Third-grader killed leaving Baltimore school by driver in stolen car

A third-grade student was hit and killed by a vehicle Thursday afternoon in West Baltimore, a city school's spokeswoman confirmed.

When a police officer spotted the stolen Jeep Liberty on Thursday afternoon, Steuart Hill Academic Academy was dismissing students just three blocks away.

As the officer made a U-turn and turned on her lights, the Jeep sped off down South Gilmor Street toward the elementary school. It barreled through a red light at Lombard Street, struck a Nissan Sentra, brushed a crossing guard, and hit and killed an 8-year-old girl, police said.


Amirah Kinlaw was in third grade and lived near the school. Police said she died at Johns Hopkins Hospital.

"She was all smiles," said her stepfather, Leon Carter. "She had no worries, no cares."

She was walking to an after-school program when hit. The Jeep continued down Gilmor Street, hitting several cars before coming to a stop. Police said the driver ran away.

"The only thing we know about him at this moment is he was a young black man in blue jeans," Detective Donny Moses said. "The ignition on [the Jeep] was popped. It was confirmed stolen."

The driver was still being sought Thursday evening.

"I was going to chase him down, but he was gone," said Charles Hennson, who was standing with a friend by the street when the Jeep passed. "If it was 30 seconds before that, it would have been us."

The Sentra smashed into Pat Giroux's parked Toyota 4Runner.

"We heard the crash," Giroux said. "We came over here, and there was a young girl laying on the grass."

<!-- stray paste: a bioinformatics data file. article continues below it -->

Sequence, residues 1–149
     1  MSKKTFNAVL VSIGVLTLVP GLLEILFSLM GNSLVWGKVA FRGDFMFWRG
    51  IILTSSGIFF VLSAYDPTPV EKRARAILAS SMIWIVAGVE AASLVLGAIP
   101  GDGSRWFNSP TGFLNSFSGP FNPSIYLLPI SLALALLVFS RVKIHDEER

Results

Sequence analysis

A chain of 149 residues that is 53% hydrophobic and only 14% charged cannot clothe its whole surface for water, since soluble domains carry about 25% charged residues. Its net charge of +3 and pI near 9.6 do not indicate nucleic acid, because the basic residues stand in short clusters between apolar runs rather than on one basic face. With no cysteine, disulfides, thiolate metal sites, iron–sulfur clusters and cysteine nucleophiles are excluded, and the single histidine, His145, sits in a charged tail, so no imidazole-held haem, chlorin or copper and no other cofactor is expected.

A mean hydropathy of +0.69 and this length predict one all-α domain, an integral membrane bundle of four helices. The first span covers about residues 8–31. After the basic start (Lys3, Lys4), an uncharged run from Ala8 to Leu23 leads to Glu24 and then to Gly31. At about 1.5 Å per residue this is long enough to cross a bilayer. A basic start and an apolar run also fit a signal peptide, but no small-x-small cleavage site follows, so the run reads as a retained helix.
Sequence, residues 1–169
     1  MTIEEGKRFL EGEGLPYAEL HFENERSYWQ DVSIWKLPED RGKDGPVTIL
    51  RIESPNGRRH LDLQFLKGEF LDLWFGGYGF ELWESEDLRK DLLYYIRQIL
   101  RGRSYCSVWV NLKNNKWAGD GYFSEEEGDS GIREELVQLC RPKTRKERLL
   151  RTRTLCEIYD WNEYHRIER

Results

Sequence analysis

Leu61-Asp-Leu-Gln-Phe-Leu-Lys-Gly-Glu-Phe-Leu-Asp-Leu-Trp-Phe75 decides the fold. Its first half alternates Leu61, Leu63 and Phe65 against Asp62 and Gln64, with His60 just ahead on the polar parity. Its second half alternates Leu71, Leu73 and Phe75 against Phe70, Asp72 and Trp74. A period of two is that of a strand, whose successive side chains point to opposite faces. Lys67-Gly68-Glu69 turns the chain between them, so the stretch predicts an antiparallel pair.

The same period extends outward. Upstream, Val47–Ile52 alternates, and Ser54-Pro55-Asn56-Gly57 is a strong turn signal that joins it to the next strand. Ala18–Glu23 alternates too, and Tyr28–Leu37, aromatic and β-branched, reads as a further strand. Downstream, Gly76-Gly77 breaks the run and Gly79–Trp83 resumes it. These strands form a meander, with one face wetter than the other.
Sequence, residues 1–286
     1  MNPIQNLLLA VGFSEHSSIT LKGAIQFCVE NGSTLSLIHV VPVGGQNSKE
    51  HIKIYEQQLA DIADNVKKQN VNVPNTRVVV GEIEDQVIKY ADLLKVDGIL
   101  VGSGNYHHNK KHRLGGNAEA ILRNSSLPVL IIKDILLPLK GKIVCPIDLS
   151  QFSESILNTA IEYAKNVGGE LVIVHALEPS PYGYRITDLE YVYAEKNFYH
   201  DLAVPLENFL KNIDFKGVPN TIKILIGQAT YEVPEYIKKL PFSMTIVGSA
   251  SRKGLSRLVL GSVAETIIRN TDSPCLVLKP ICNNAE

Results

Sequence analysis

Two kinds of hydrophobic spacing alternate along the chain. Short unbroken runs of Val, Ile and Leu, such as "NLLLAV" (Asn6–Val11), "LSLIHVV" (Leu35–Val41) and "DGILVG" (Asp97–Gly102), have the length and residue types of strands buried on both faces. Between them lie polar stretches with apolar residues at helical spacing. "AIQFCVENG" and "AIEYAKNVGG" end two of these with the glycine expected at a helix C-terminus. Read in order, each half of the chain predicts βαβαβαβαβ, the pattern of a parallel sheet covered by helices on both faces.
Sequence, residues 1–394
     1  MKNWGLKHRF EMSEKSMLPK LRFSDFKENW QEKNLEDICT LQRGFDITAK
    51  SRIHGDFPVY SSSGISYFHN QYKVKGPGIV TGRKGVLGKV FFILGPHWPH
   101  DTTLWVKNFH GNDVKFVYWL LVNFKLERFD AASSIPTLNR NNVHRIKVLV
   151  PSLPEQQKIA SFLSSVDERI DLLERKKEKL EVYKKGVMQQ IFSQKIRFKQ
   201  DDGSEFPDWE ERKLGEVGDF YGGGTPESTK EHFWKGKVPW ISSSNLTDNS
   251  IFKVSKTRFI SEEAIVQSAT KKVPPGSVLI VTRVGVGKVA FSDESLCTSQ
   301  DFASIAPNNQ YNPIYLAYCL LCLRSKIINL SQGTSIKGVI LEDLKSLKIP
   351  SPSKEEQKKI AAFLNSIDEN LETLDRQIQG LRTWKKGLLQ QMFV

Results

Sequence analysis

Soon paramedics arrived. "They kept pressing on her heart for a long, long time," Giroux said.

A man in the Nissan Sentra was hospitalized in critical condition, police said. The crossing guard was taken to the hospital with injuries that were not considered life-threatening. Flying debris hit a 9-year-old boy whose injuries also were not life-threatening.

But it was the little girl, killed outside her school, that hushed neighbors at the scene.

"I just hope for the little girl," said Giroux before falling silent and covering her heart. She did not know the girl had died. "A lot of kids were crying."

Inside the school, police spoke with witnesses in the office. That night, friends gathered to mourn at the family's home.

"To wrap it all up and swallow it, I ain't got there yet," said Carter, the stepfather.


Next week the school year ends for summer. So April Carter told her daughter she could stay home a day this week.

Amirah wouldn't consider it, her mother said. "She wanted to see her friends."

Thursday afternoon, neighbors reported a suspicious Jeep circling the neighborhood about 2:20 p.m., police said. An officer on patrol passed the Jeep in the 300 block of S. Gilmor St., about three blocks from the school.

While the officer had turned to try to stop the Jeep, police said it was not a chase.

"We do not believe that this was a pursuit," Moses said. "We have several independent witnesses that confirmed it."

The officer "never had the chance" to pursue, he said. "Bottom line: We don't chase, school zone or not. We don't chase stolen autos."

Shattered glass, a sheared-off side window, ripped fenders and bumpers lay scattered in the grass outside the school. The crossing guard's hand-held stop sign lay at the curb.

And in the middle of the street, encircled by the police paint that marks evidence, lay a small, black sneaker.

Baltimore Sun reporter Jessica Anderson contributed to this article.